Creating Better Passwords and Managing Them Efficiently

Creating Better Passwords and Managing Them Efficiently

Passwords are required for everything you log in to these days: your computer, your bank, your email, and more. It may be tempting to use the same password or a slightly different version of it for multiple sites, but doing so increases your risk of compromising personal and protected information.

Utilizing strong passwords is the first step in improving your security hygiene. Here are a few tips for creating better passwords and managing them effectively.

  1. Start with a 16-character password. 16 characters is now the standard per NIST as it allows for more complexity. The more difficult your password is, the less likely it is to be cracked by a threat actor.
  2. Use phrases that only you would remember. Passphrases make it easier for you to remember but harder for someone else to crack. For example, using a lyric from a song or a quote from a movie or show. As an example for this blog, we’ll use that famous line from The Godfather: I’m gonna make him an offer he can’t refuse. The passphrase would start as Makehimanofferhecantrefuse.
  3. Combine upper- and lower-case letters. Using the example above, the passphrase would now look something like this: MakeHimanOfferhecantRefuse. Combining upper- and lower-case letters increases the complexity of the password.
  4. Use special characters and numbers. Special characters and numbers further increase the complexity of your password. Many password policies require special characters, numbers, and upper- and lower-case letters to maintain password difficulty. Our example password now becomes: M@keH1man0fferh3c@ntR3fus3.
  5. Employ Two Factor Authentication or Multi-Factor Authentication. Two-Factor Authentication (2FA) or Multi-Factor Authentication (MFA) requires the user to verify their identity on an additional device (like a cell phone) before granting access. There are many authentication apps you can use to confirm a user is attempting to log in. This additional layer of security ensures only the authorized user can access the account they are logging into. Google, Microsoft, Amazon and more offer 2FA for users to access their accounts.
  6. Do not use personal details in your passwords. One of the worst things you can do is provide personal information in your passwords, as it makes it much easier for someone to hack them. When setting up answers to security questions, consider using the incorrect answer. For example, if the security question is “In what city did you marry your spouse?” don’t use the correct one. It’s a good idea to avoid using significant dates (anniversaries, birthdays, etc.) in your passwords as well. If you post photos of your dogs or kids on Facebook and then use those details in your passwords or security questions, you’re essentially providing a road map to your data.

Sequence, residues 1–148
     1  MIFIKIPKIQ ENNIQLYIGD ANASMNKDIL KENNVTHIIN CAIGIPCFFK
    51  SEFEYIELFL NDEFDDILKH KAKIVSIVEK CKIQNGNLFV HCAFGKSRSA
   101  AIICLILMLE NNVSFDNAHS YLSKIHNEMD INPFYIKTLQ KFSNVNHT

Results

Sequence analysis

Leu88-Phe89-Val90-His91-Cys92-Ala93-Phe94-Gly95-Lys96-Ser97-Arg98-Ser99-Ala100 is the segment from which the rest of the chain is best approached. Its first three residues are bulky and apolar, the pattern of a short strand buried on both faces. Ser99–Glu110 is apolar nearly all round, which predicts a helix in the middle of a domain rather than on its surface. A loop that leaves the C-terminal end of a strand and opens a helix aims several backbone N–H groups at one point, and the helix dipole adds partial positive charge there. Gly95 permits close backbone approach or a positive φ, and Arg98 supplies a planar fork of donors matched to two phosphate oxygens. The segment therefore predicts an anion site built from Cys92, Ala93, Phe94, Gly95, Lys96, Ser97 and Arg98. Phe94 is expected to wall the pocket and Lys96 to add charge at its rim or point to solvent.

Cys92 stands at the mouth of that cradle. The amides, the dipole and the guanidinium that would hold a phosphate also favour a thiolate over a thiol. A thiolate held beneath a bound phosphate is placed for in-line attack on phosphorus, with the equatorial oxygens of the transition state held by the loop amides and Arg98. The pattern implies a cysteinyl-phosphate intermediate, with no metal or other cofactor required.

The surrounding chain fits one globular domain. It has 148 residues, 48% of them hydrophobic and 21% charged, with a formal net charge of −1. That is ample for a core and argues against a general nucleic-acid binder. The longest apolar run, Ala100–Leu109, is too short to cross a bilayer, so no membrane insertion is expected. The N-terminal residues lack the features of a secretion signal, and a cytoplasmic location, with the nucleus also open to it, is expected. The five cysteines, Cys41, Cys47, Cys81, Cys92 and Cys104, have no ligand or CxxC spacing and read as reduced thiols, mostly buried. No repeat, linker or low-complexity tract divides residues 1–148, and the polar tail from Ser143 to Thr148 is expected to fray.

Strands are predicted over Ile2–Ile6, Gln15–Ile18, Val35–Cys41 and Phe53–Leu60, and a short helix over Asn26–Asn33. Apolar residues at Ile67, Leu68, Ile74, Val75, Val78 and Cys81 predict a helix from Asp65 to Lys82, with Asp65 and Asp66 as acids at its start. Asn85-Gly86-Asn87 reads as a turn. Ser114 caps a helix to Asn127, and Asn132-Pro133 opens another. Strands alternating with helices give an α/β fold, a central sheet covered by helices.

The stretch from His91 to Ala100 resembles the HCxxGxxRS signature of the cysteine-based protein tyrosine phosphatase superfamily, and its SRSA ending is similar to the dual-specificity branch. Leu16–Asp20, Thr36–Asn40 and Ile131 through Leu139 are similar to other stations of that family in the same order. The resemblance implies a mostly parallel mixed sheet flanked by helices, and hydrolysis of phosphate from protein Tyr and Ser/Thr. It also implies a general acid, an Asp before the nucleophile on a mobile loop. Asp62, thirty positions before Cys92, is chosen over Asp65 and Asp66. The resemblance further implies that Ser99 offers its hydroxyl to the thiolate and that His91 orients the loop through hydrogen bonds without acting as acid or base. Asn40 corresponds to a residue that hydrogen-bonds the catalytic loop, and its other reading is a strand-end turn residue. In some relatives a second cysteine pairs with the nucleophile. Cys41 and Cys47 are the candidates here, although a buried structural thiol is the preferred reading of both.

7. Utilize a password management system. A password management system, such as LastPass or Bitwarden, is an efficient way to store your passwords for every site you log in to. You just have to remember your master password to access your vault. Additionally, a password management system can auto generate secure passwords, allowing you to set the parameters for the passwords you want to create. Password management systems also employ 2FA for an added layer of security.
  8. Create unique passwords for every site. It’s never a good idea to use the same password for more than one site. Doing so opens you up to more risk of being compromised. This is where utilizing a password management system is beneficial as you can create complex and unique passwords for each site and store them in your vault.
  9. Change your password immediately when you find out your information may have been compromised. is the best way to find out if your information has been compromised at any time. You can provide your email address to determine if you have been breached and if you have, you should change your password immediately.
  10. Never share your passwords. Sharing your passwords (even with someone you trust) is never a good idea. If the person using that password was hacked, your password is now at risk. Think of your passwords as valuables you would store in a safe. It’s unlikely you’d share what you keep in that safe with anyone, so why would you share your passwords?

Creating strong passwords and utilizing them efficiently is a good first step to protecting your data. Tego can help your organization create and enforce good password and other security policies. For more information, contact us today.

About the author
Jennifer Vosburgh is a seasoned Marketing and Communications professional. With over 15 years of experience, she has a strong background in Marketing, Communications, and Event Management. As Vice President of Tego Data Systems in Raleigh, NC, Jennifer is responsible for delivering full-scale Marketing Campaigns across all platforms including website, email, social media, events, and more.

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